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how to decrease time simulation??

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Old   October 7, 2009, 05:02
Question how to decrease time simulation??
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teguh hady
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Dear All,
I'm running airfoil simulation. but it takes much time. i wanna make less time to simulate. I wanna make simpler meshing. To take less time simulation.
What should I do??
THX
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Old   October 7, 2009, 12:18
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Can you post your mesh?
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Old   October 7, 2009, 12:38
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Hi tstorm
Could you give me your email??I'll send you soon.
THXS
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Old   October 7, 2009, 13:47
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I'd rather not post it on the forum. I don't want to get onto any more spam lists than I'm already on. I'd be happy to email you if you post yours, or if you post a few pictures of your grid I can try to help.
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Old   October 7, 2009, 14:36
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The only one effective way to reduce computational time is.... more computational power - more cores, domain partition.... the reducing the mesh may lead to not convergences... be careful if you are planning to reduce the number of cells...
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Old   October 7, 2009, 15:32
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You can try another pressure velocity coupling that fits better your problem. Also try to use higher URF´s to achieve higher convergence speed, but be careful, since your problem can diverge.

As Philipov said, the only noticeable way to improve simulation time is more computer power.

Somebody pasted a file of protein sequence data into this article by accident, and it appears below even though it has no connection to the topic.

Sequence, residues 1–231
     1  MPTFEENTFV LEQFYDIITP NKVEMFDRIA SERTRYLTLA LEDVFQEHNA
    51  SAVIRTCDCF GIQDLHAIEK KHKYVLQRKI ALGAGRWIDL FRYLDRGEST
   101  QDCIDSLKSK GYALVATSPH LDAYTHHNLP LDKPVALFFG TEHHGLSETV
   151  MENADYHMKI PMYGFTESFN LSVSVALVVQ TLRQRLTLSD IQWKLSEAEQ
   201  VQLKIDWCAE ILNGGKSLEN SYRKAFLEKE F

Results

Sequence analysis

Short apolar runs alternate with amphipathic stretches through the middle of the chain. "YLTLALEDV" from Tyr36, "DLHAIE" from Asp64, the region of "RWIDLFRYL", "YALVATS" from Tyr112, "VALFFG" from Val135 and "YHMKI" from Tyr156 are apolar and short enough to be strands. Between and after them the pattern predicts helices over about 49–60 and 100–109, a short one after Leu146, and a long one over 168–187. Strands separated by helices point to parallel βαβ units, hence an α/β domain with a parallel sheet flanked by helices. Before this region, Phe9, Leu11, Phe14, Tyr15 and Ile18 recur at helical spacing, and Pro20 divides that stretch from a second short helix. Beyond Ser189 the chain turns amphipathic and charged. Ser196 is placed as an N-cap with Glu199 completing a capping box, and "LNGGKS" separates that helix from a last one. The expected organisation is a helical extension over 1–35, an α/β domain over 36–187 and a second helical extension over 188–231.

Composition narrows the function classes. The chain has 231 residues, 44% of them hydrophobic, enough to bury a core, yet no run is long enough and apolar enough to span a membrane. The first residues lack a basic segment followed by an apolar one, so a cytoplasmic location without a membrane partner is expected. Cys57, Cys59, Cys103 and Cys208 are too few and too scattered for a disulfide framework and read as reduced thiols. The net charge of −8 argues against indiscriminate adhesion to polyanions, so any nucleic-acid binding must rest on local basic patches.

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Old   October 7, 2009, 16:44
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There's much more that can be done than just computing power. The turbulence model, UR factors, courant number, grid density, residual smoothing, timestep, multigrid controls, etc. can all affect convergence, and if we knew more about the case setup we could try to help you choose the right settings. Send me a private message with your email and I'll try to give some tips.
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Old   October 7, 2009, 16:59
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But diferent turbulence models and grid density could affect the solution accuracy.

The mesh should be fine enough to avoid results variations between one mesh an a coarser one. And the turbulence model usually is chosen because the problem´s own nature (reading papers and experimental data).
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Old   October 7, 2009, 17:04
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You're right. If he's already using the right turbulence model, there's nothing we can do to help in that case. But if it's a simple external aerodynamics problem, for example, and he's using an RSM model, we could cut processing time and use the SA model without sacrificing accuracy. Or, maybe the first gridpoint is in the laminar sublayer, which isn't necessary for the SA model. Or, maybe cell growth is so small that cell count is unnecessarily large. My point is we can help a new FLUENT user by giving real tips instead of vague pointers.
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Old   October 7, 2009, 17:08
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That´s right. I´m just being pesimistic .

Anyway, what are multigrid controls?? I haven´t done anything with that.

thanks
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Old   October 7, 2009, 17:21
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Ha, ok.

FLUENT uses an algebraic multigrid for implicit solutions, and a full-approximation multigrid is an available option. The most commonly changed option is the cycle type (V or W), but there's plenty of other things to play with. Theoretically, the FAS multigrid is better for non-linear problems.
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Old   October 7, 2009, 17:26
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hmm... interesting.

Thanks
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Old   October 7, 2009, 22:54
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Quote:
Originally Posted by tstorm View Post
There's much more that can be done than just computing power. The turbulence model, UR factors, courant number, grid density, residual smoothing, timestep, multigrid controls, etc. can all affect convergence, and if we knew more about the case setup we could try to help you choose the right settings. Send me a private message with your email and I'll try to give some tips.
Hi Guys!!!
Thanks for your response!!
Here is my email
huget_teguh@ymail.com
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